Legacy from Antiquity.
Throughout the ages water has been an essential source of life and has dictated the form that gardens took as their most vital element. In arid lands such as Egypt, the annual floods used to irrigate the banks of the Nile, which turned the enclosed gardens into lush retreats, supplying the pools and nurturing pleasurable shade giving trees. As well as this miraculous annual rejuvenation, water was also drawn from the Nile along dykes and irrigation channels. These determined the shape and layout of gardens, usually set in a symmetrical grid. The pool was the centrepiece of the ancient Egyptian Garden and was usually the preserve of high society that used them for pleasure but also to stock fish and fowl. The layout of the ancient Egyptian garden was deemed so important even in the afterlife that their layout can be seen in the tombs of pharaohs and nobility, in order to be used by the deceased. The Egyptians believed in deities such as Nut (also the sycamore tree Goddess) who provided for their needs in both life and the afterlife. Many of these representations are laden with pomegranates and figs so the deceased could continue to receive nourishment in the life there after. An example of this can be seen in the Tomb of Nebamun at Thebes c. 1400 BC. An inscription on another tomb at Thebes reads
‘ May I wander around my pool each day forever more. May my soul sit on the branches of the grave garden I have prepared for myself. May I refresh myself each day under my sycamore.’
Water features both inside and outside Egyptian gardens placed a crucial role in daily ritual of religious life. Larger gardens had several pools randomly placed to help cool the air.
Ancient Greece and the Roman Empire
The Ancient Greeks were filled with amazement when they first beheld the magnificent gardens of the eastern Persian Kings. Water features enhanced by architectural settings probably originated in Greece when springs were enclosed to preserve their purity and were later decorated as shrines.
Homer’s Odyssey has one of the earliest writings from ancient times of a Garden and water, written between 750 and 650 B.C. Mentioning the Garden of King Alcinous, being dependent on two things – Water and divine intervention. Homer describes the garden of Alcinous, king of the Phaeaceans as being rich with pears apples, pomegranates, and sweet figs that grow all year round. In Book V Homer also describes the garden of Calypso:
“And round about the cave there was a wood blossoming, alder and poplar and sweet-smelling cypress. And therein roosted birds long of wing, owls and falcons and chattering sea crows, which have their business in the waters. And lo, there about the hollow cave trailed a gadding garden vine, all rich with clusters. And fountains four set orderly were running with clear water, hard by one another, turned each to his own course. And all around soft meadows bloomed of violets and parsley, yea, even a deathless god who came thither might wonder at the sight and be glad at heart.’
In his book Phaedrus, written about 350 B.C, Plato and his friend chat beside a stream discussing the sanctified atmosphere of the location. Plato remarks:
‘ The spring which runs under the plane, how beautifully cool its water is to the feet. ‘
As also seen earlier in ancient Egypt the Greeks also believed in Deities such as nymphs that inhabited streams and grottoes. Nymphs are personifications of the creative that foster activities of nature, most often identified with the life-giving outflow of springs. The association of nymphs and muses led to informal arrangements of figures in and around fountains and decoration which natural stones and shells.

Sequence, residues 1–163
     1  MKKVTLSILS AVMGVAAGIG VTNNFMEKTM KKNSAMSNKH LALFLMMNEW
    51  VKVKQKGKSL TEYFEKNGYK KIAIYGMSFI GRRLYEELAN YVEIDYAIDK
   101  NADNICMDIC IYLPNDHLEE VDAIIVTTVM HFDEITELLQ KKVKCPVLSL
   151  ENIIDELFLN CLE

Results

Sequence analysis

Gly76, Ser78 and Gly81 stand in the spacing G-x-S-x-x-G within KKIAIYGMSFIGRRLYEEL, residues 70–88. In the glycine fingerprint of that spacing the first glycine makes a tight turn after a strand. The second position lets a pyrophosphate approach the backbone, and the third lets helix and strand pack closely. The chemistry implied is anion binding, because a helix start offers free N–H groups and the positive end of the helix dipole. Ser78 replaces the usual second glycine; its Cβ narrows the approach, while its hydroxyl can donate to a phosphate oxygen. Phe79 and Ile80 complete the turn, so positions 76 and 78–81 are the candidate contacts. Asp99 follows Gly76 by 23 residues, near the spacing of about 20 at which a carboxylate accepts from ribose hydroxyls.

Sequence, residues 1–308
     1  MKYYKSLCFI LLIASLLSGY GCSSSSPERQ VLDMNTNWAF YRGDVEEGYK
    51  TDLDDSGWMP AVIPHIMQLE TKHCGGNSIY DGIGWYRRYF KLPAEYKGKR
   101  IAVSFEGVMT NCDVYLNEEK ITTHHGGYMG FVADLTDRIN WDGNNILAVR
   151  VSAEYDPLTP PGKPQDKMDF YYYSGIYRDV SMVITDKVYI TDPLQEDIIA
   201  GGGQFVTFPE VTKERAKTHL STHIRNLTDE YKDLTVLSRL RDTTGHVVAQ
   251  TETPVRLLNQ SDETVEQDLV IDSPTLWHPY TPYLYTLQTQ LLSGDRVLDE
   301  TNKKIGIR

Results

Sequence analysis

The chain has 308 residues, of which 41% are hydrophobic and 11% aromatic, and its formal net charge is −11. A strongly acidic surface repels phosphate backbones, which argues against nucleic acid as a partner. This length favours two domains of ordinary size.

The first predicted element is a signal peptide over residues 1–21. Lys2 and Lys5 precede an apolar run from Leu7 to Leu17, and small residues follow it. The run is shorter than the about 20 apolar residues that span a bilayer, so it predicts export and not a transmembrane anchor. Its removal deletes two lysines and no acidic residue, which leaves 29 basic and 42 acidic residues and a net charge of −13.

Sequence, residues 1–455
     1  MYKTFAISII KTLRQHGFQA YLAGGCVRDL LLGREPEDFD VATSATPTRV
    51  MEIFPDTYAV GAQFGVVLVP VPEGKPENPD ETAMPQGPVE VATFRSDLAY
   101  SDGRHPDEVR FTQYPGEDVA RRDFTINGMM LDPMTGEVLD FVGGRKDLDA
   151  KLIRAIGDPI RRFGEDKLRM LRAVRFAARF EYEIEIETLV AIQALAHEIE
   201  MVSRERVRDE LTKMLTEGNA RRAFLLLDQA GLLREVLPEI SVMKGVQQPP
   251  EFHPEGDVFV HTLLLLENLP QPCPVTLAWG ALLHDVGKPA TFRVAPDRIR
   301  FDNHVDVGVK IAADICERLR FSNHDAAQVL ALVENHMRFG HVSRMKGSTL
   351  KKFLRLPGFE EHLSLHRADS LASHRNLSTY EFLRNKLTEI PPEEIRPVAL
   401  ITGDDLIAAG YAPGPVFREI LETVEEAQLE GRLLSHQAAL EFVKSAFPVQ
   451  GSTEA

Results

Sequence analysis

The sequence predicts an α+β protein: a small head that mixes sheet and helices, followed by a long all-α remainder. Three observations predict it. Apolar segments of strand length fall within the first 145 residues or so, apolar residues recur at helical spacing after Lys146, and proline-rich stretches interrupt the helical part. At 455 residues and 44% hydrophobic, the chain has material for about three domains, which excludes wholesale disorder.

The writing of the Roman poet Ovid in his Metamorphoses are some of the earliest descriptions of the way water sources have been decorated. He describes Diana’s grotto as a cave that included a fountain stream which had walls decorated with pumice beneath a mossy floor. To their grottoes and caves the ancients used to apply a deliberately roughened layer of pumice chips which Ovid called ‘ living pumice’. Green Ochre a natural earth pigment was also used to imitate the living moss of a grotto.
In Pompeii Italy there are many examples of fashionable water features that were used in the seaside city, which provided a welcome retreat from the stifling summer heat of Rome. The fortunate residents of the villas nearby could enjoy gardens that were refreshed and enlivened by fountains and pools. Marble sculptures, especially fountain figures in ancient Rome, often took their subject matter from mythology or something with particular reference to the owner of the house. Bronze was a popular metal and it was more durable than marble. Bronze wall fountains of animal heads over marble basins were very popular across the Roman Empire and were used individually or in groups around a water feature. Typical examples of these are Lion Wall Fountains and notably the two dogs and a boar from the richly decorated house of the Citharist at Pompeii, which are now on display in the Archaeological Museum of Naples. Lion head spouts were one of the earliest forms of water features. This is because the lion has been an icon for humanity appearing in nearly every culture across Europe, Asia, and Africa. The lion has been a popular symbol of imperial stateliness for thousands of years. It has also had a positive depiction in many cultures of bravery and strength yet being noble. This Lion symbolism has been used in garden water features from ancient times through to the present day.
Ancient manuscripts on hydraulics were rediscovered during the renaissance when designers revived the lost art of fantastic fountains for the great Italian gardens.